BRIEF DESCRIPTION OF THE DRAWINGS

Embodiments of the present application are described below with respect to the figures, among which:

FIG. 1 shows a schematic diagram illustrating perfect reconstruction requirements needed to be obeyed when downscaling decoding in order to preserve perfect reconstruction;

FIG. 2 shows a block diagram of an audio decoder for downscaled decoding according to an embodiment;

FIG. 3 shows a schematic diagram illustrating in the upper half the manner in which an audio signal has been coded at an original sampling rate into a data stream and, in the lower half separated from the upper half by a dashed horizontal line, a downscaled decoding operation for reconstructing the audio signal from the data stream at a reduced or downscaled sampling rate, so as to illustrate the mode of operation of the audio decoder of FIG. 2;

FIG. 4 shows a schematic diagram illustrating the cooperation of the windower and time domain aliasing canceler of FIG. 2;

FIG. 5 illustrates a possible implementation for achieving the reconstruction according to FIG. 4 using a special treatment of the zero-weighted portions of the spectral-to-time modulated time portions;

FIG. 6 shows a schematic diagram illustrating the downsampling to obtain the downsampled synthesis window;

FIG. 7 shows a block diagram illustrating a downscaled operation of AAC-ELD including the low delay SBR tool;

FIG. 8 shows a block diagram of an audio decoder for downscaled decoding according to an embodiment where modulator, windower and canceller are implemented according to a lifting implementation; and

FIG. 9 shows a graph of the window coefficients of a low delay window according to AAC-ELD for 512 sample frame size as an example of a reference synthesis window to be downsampled.

DETAILED DESCRIPTION OF THE INVENTION

The following description starts with an illustration of an embodiment for downscaled decoding with respect to the AAC-ELD codec. That is, the following description starts with an embodiment which could form a downscaled mode for AAC-ELD. This description concurrently forms a kind of explanation of the motivation underlying the embodiments of the present application. Later on, this description is generalized, thereby leading to a description of an audio decoder and audio decoding method in accordance with an embodiment of the present application.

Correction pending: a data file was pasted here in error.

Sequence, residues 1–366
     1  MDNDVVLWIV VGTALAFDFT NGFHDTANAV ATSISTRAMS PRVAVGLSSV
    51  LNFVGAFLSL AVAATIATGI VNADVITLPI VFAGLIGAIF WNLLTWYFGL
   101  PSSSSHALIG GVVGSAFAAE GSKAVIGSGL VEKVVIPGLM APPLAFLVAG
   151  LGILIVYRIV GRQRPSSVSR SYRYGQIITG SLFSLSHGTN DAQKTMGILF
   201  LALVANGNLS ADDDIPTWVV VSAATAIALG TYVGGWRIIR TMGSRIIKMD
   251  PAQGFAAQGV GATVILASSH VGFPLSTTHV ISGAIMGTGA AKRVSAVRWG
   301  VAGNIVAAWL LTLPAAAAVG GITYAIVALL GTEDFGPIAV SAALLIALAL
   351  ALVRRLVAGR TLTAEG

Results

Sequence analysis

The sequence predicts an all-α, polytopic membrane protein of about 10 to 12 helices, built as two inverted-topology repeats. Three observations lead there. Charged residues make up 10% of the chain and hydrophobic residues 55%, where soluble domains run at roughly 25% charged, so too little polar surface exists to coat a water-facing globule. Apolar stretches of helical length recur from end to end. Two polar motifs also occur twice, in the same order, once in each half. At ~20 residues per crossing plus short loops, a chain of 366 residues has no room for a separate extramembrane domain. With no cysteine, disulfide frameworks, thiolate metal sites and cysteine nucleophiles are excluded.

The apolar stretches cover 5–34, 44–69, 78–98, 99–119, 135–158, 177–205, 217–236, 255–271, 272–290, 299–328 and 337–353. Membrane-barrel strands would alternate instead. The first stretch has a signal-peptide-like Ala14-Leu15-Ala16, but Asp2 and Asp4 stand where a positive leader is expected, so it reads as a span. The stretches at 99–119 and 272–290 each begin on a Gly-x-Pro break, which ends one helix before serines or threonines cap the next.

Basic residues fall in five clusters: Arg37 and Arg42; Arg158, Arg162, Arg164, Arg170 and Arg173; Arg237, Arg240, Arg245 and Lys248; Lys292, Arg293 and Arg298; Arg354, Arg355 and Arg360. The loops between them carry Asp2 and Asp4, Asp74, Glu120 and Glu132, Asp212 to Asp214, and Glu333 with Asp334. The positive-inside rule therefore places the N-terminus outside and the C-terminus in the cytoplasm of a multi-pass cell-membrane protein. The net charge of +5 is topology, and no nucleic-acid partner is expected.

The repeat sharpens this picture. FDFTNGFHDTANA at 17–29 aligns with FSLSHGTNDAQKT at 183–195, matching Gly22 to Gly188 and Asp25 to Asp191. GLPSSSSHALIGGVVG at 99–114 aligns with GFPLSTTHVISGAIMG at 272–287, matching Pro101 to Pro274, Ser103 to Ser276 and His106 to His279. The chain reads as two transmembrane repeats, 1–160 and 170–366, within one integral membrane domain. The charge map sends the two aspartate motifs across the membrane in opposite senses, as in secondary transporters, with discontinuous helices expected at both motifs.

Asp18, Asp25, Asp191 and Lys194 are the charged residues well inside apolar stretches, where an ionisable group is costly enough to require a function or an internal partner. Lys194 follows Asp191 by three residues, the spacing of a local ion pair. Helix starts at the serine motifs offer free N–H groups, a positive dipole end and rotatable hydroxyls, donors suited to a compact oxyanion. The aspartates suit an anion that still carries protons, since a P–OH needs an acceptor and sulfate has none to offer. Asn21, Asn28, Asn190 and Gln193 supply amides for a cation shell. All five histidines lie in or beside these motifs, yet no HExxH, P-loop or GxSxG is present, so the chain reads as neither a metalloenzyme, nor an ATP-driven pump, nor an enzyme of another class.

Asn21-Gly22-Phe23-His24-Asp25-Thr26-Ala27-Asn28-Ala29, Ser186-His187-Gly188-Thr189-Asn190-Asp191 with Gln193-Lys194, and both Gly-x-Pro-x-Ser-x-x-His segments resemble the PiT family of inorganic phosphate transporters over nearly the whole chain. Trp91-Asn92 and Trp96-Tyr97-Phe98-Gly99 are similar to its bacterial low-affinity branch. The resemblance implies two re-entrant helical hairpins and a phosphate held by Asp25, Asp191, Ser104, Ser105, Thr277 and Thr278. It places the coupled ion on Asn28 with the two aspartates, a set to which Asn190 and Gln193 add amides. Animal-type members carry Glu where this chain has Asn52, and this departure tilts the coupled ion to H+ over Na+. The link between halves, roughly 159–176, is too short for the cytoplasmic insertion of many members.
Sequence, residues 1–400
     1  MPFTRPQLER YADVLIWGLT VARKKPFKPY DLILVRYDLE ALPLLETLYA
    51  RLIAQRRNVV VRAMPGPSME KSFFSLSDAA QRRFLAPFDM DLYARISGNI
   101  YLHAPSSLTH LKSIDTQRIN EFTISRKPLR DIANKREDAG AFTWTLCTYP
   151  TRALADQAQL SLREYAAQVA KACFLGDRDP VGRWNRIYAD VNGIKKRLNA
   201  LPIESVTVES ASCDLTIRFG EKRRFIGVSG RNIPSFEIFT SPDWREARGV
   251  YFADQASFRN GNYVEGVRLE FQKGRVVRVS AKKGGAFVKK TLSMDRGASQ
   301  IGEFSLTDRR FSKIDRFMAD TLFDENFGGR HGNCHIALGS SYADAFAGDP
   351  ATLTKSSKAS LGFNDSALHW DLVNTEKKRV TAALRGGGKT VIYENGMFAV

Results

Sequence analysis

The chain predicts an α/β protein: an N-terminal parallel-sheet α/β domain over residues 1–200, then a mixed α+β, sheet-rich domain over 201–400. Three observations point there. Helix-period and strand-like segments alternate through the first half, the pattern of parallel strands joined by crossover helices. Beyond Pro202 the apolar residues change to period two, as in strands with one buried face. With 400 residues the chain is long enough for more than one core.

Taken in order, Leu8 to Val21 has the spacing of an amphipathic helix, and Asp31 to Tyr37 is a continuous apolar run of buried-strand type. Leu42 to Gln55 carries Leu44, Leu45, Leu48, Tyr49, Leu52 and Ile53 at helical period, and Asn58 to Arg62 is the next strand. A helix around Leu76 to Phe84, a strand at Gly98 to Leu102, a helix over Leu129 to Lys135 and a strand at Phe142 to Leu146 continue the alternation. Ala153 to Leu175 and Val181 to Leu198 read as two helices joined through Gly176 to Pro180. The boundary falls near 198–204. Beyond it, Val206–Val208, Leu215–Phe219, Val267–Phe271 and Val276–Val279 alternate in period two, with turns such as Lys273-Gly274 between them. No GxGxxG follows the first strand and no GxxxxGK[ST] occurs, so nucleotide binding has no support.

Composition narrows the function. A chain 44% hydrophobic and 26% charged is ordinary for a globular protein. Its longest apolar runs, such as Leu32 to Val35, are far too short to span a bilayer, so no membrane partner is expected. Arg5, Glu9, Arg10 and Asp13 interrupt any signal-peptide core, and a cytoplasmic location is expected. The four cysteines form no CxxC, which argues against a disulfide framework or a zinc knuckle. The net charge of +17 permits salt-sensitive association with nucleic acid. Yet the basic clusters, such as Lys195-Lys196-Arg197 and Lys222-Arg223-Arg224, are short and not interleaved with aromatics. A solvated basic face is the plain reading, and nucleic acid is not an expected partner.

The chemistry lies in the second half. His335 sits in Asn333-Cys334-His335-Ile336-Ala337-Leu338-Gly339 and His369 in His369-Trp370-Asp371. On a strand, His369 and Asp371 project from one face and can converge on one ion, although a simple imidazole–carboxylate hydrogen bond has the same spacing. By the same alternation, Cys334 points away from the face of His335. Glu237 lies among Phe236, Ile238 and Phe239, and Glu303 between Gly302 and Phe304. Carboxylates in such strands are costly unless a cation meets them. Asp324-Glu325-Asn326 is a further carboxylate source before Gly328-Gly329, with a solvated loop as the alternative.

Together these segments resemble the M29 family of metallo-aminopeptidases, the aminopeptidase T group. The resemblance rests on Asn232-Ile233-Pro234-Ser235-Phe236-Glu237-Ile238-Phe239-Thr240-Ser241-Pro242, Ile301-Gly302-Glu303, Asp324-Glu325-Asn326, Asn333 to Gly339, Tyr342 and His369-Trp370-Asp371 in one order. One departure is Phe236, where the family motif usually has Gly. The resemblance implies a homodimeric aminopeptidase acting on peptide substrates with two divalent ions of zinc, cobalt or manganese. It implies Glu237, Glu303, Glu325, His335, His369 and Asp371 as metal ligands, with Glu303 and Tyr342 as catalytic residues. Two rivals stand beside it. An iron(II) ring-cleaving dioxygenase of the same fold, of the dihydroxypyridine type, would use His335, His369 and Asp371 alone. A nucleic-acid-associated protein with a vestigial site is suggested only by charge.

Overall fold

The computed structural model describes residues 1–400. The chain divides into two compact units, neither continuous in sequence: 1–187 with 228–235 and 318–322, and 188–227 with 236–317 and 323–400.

As described in the introductory portion of the specification of the present application, AAC-ELD uses low delay MDCT windows. In order to generate downscaled versions thereof, i.e. downscaled low delay windows, the subsequently explained proposal for forming a downscaled mode for AAC-ELD uses a segmental spline interpolation algorithm which maintains the perfect reconstruction property (PR) of the LD-MDCT window with a very high precision. Therefore, the algorithm allows the generation of window coefficients in the direct form, as described in ISO/IEC 14496-3:2009, as well as in the lifting form, as described in [2], in a compatible way. This means both implementations generate 16 bit-conform output.

The interpolation of Low Delay MDCT window is performed as follows.

In general a spline interpolation is to be used for generating the downscaled window coefficients to maintain the frequency response and mostly the perfect reconstruction property (around 170 dB SNR). The interpolation needs to be constraint in certain segments to maintain the perfect reconstruction property. For the window coefficients c covering the DCT kernel of the transformation (see also FIG. 1, c(1024) . . . c(2048)), the following constraint is implemented,


1=|(sgn·c(ic(2N−1−i)+c(N+ic(N−1−i)| for i=0 . . . N/2−1  (1)

where N denotes the frame size. Some implementation may use different signs to optimize the complexity, here, denoted by sgn. The requirement in (1) can be illustrated by FIG. 1. It should be recalled that simply in even in case of F=2, i.e. halfening the sample rate, leaving-out every second window coefficient of the reference synthesis window to obtain the downscaled synthesis window does not fulfil the requirement.

The coefficients c(0) . . . c(2N−1) are listed along the diamond shape. The N/4 zeros in the window coefficients, which are responsible for the delay reduction of the filter bank, are marked using a bold arrow. FIG. 1 shows the dependencies of the coefficients caused by the folding involved in the MDCT and also the points where the interpolation needs to be constraint in order to avoid any undesired dependencies.

    • Every N/2 coefficient, the interpolation needs to stop to maintain (1)
    • Additionally, the interpolation algorithm needs to stop every N/4 coefficients due to the inserted zeros. This ensures that the zeros are maintained and the interpolation error is not spread which maintains the PR.